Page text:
Restaurants, Shopping Drive Sales Tax Revenue for Malibu

Eating, drinking and shopping locally pays off for the City of Malibu. That’s the story the city’s report on sales tax revenue seems to tell, as numerous restaurants and retailers topped the list of top sales tax revenue-earners for the City of Malibu during the 2012- 2013 fiscal year. 

Destination dining spots Nobu, Cafe Habana, Moonshadows, Duke’s and Geoffrey’s were among 10 total restaurants listed in the top 25 earners. Since reopening at its new beachfront location last year, Nobu has become one of Malibu’s most popular dinner spots, notorious for its nighttime crowd. 

“Anytime you have a new restaurant like Nobu that opens up, the quality of food and many other factors will dictate how well that restaurant is going to do,” City Manager Jim Thorsen said Tuesday in a telephone interview. “Obviously Nobu and several of our other restaurants have done well in the last year. I’m guessing that is a sign of increased use by our residents as well as visitors.” 

The list of top earners was provided in an audit report prepared for the City of Malibu by HdL Companies, a sales tax auditing company. 

“It’s good news for the city… Clearly the tourist areas like Malibu do better when it comes to travel spending,” said Michael Shires, a local government and economics expert at Pepperdine University’s School of Public Policy. 

Malibu collected $2.82 million in local sales tax revenue, marking unexpectedly positive returns. Assistant City Manager Reva Feldman initially projected $2.63 in sales tax revenue when putting together the budget. 

“We had a really, really good year,” Feldman said at a recent Administration and Finance Subcommittee meeting. 

The city earns one percent—or one penny out of every dollar—in sales tax collected by each business in Malibu, according to Feldman.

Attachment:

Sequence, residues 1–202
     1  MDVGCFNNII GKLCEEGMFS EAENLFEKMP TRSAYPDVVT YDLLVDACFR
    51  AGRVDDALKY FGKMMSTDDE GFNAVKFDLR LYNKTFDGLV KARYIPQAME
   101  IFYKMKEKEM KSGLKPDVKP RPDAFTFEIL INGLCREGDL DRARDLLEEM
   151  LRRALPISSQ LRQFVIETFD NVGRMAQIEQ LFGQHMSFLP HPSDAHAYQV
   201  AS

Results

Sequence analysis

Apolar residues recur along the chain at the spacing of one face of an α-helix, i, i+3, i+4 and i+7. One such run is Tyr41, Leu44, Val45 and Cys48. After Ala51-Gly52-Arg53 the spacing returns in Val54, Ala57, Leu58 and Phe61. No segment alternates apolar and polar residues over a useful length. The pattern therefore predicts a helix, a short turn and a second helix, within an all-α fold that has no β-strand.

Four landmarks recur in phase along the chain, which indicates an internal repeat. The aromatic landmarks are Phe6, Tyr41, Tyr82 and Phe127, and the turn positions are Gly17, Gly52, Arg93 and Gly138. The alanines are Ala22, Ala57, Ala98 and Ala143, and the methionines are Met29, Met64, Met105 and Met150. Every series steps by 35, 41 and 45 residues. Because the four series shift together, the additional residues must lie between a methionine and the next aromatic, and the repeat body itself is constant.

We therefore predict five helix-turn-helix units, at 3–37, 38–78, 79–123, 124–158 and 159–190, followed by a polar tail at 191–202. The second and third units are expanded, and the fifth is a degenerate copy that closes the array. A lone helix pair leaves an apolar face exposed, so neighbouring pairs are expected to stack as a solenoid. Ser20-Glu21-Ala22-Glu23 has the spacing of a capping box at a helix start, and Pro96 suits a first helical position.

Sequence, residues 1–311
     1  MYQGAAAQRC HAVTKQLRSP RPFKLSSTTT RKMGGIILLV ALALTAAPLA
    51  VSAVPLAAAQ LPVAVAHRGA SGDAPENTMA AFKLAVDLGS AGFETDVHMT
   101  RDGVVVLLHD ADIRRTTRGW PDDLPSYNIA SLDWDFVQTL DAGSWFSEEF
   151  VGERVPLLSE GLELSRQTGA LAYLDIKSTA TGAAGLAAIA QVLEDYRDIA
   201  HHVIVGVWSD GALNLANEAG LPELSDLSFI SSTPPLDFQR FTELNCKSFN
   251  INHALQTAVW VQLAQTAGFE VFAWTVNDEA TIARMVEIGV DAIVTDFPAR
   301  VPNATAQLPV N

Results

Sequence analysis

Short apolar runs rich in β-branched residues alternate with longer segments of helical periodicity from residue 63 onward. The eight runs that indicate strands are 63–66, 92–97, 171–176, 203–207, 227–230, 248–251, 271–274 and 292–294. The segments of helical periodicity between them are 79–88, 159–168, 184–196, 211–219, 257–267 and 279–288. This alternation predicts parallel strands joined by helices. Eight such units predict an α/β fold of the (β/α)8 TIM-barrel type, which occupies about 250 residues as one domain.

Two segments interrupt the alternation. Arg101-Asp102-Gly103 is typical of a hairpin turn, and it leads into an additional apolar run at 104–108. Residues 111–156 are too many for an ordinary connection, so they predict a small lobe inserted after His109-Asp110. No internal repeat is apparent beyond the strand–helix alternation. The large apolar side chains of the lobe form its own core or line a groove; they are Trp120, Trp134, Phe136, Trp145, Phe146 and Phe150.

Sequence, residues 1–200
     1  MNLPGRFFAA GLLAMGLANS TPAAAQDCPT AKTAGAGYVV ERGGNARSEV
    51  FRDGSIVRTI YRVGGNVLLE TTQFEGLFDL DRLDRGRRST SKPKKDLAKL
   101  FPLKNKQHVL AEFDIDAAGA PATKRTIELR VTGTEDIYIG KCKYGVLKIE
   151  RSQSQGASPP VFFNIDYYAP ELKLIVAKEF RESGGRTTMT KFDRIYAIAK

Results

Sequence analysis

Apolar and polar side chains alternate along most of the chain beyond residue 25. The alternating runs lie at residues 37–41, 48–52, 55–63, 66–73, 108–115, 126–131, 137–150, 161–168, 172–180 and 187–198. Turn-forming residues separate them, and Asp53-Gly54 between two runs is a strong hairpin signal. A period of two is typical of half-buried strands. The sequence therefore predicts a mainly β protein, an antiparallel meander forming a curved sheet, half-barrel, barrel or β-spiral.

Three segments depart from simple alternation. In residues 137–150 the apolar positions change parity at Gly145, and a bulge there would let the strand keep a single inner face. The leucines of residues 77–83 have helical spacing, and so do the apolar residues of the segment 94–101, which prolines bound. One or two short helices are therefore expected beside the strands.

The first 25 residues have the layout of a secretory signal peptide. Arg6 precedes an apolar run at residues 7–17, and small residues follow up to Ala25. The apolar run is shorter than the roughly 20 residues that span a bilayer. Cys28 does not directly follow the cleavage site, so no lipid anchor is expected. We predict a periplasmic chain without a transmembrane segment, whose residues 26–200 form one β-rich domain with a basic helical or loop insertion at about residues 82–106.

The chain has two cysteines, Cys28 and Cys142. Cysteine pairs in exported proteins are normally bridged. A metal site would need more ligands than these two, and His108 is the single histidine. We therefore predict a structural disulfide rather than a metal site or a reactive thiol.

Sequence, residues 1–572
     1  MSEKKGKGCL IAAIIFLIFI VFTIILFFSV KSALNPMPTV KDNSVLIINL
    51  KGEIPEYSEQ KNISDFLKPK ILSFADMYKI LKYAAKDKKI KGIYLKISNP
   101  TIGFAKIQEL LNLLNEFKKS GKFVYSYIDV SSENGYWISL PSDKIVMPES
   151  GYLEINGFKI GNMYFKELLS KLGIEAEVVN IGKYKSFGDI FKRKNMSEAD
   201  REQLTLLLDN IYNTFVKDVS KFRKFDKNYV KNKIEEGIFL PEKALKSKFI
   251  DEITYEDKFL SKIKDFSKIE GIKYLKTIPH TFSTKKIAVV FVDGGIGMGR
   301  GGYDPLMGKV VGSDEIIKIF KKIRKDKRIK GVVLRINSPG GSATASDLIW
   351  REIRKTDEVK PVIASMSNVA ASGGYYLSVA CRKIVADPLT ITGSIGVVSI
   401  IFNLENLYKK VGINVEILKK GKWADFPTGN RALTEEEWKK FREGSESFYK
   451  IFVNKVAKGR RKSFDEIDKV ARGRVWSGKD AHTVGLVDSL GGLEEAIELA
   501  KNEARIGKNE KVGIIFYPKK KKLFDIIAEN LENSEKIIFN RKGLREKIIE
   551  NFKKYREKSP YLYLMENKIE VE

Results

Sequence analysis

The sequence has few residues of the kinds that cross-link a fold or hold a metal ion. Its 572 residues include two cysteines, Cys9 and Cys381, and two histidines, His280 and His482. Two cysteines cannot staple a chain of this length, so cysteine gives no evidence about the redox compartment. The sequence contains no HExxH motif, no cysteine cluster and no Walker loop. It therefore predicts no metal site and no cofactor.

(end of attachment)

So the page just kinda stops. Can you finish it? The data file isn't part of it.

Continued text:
This was the second year in a row when actual revenues exceeded expected revenues. In 2011-2012, the city collected $2.54 million in sales tax revenue. Feldman had projected $2.45 in revenue. 

Sales tax revenue is taken from 893 total businesses in Malibu, according to Feldman. The city declined to release exact figures or rankings of sales tax revenue brought in by each business, deeming it proprietary information. 

Malibu is an anomaly compared to other cities collecting big revenue, Shires said, because it has no car dealerships or major seaside hotels. 

“Malibu doesn’t have any of the big-box retail like auto retailers that drive [revenue] in other jurisdictions. It really is kind of a local tourist economy,” Shires said. 

Other top earners included each of the city’s grocery stores, Pavilions and Ralphs, along with drugstore CVS and each of the gas stations dotting Pacific Coast Highway. Clothing retailers James Perse, Kitson and Planet Blue also made the top 25 list, which was listed alphabetically in the audit report. 

Some unexpected inclusions on the list include Jakks Pacific, a toy company with an office nestled above KFC, and Nobu near the Malibu Pier, and HRL Laboratories, located above the Civic Center. 

During the fourth quarter alone, a breakdown of revenues showed that restaurants offering a full bar eclipsed all other businesses when it came to sales tax earnings. Restaurants selling liquor brought in $219,000 in sales tax to the city during the fourth quarter, nearly three times as much as the next-highest earner, gas stations, which brought in nearly $83,000. Other high-valued categories included family apparel ($80,000) and grocery stores selling liquor ($41,500). 

The Malibu Times is the first newspaper in Malibu, serving the community since 1946.

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